Just sit right back and you’ll hear a tale: a tale of a delicious drink.
This tale didn’t start on a desert isle, but rather in the backyard of a friend’s house at a summer party 6 or 7 years ago. My friend, Ben, served delicious cocktails that were perfect for the hot weather: refreshing and light. They were the kind of drink that disappeared from your glass before you knew it. I blamed evaporation as I kept asking for refills.
What appeals to me personally about this drink is that it combines two of my favorite flavors (and I’ll thank everyone to refrain from the obvious joke--I’m more of a Professor fan): ginger and lime. The tartness of the lime is offset by the brightness of the ginger and the sweetness of the ginger ale. It’s great for a (small) party because you can prepare the mix in advance making bartending at the event easy (I emphasize “small” because you have to juice quite a few limes for this drink, so I wouldn’t want to make it for a huge crowd unless you have Popeye forearms).
My version is a variation on Ben’s recipe that substitutes fresh ginger and a less-sweet simple syrup to make for a crisp summer cocktail. I’ve also reduced the amount of alcohol so that you can have two or three of them and still keep up with the witty repartee of your friends.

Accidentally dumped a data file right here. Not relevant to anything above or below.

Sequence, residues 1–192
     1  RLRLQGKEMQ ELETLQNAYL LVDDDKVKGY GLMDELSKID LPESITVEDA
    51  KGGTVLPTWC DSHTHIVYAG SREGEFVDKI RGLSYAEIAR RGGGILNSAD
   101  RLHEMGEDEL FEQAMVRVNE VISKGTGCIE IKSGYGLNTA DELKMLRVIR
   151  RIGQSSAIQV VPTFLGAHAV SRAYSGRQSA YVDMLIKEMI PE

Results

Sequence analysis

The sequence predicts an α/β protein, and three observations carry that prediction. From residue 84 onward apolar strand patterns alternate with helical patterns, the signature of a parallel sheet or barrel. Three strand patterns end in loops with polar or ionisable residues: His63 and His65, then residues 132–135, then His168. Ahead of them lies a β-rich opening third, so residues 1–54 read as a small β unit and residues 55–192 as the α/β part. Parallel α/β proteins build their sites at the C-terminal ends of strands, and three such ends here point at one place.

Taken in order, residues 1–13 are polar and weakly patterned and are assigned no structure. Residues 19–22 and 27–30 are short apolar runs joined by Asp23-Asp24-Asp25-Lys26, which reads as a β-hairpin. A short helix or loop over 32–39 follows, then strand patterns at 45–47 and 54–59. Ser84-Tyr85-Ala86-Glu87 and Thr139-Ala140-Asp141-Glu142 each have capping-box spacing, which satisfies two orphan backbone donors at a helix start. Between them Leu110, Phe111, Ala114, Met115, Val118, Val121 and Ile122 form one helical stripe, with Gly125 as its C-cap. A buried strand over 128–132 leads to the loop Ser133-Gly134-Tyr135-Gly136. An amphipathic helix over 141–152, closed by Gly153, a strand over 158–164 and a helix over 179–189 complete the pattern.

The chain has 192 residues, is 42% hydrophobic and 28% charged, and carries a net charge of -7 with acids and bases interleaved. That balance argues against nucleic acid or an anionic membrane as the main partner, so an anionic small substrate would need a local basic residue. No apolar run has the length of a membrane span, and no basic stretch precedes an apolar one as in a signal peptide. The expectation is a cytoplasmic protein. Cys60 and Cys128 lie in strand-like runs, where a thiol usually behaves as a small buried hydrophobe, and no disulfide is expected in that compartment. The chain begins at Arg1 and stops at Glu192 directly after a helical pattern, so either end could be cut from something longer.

To send eight people on a 3-hour tour:
- 3 cups Ginger Simple Syrup (recipe below)
- 2 cups Bourbon
- 2.5 cups Lime Juice (about 9 or 10 limes)
- 1 quart Ginger Ale
- Lime slices for garnish
Combine the first three ingredients and refrigerate. To serve, fill a lowball glass with ice. Pour equal parts mix and ginger ale into the glass and stir. Garnish with a slice of lime. This should be enough for 8 people to have 2 to 3 drinks each.
Ginger Simple Syrup
- 3 cups Water
- 1 cup Sugar
- 1.5 cups sliced ginger
Combine ingredients in saucepan and bring to a boil, stirring to make sure all the sugar dissolves. Turn off heat and cover, allowing mixture to steep for 45 minutes. Strain through cheesecloth and let cool before using. I set the bowl of strained syrup inside a larger bowl that was filled with ice to speed the process.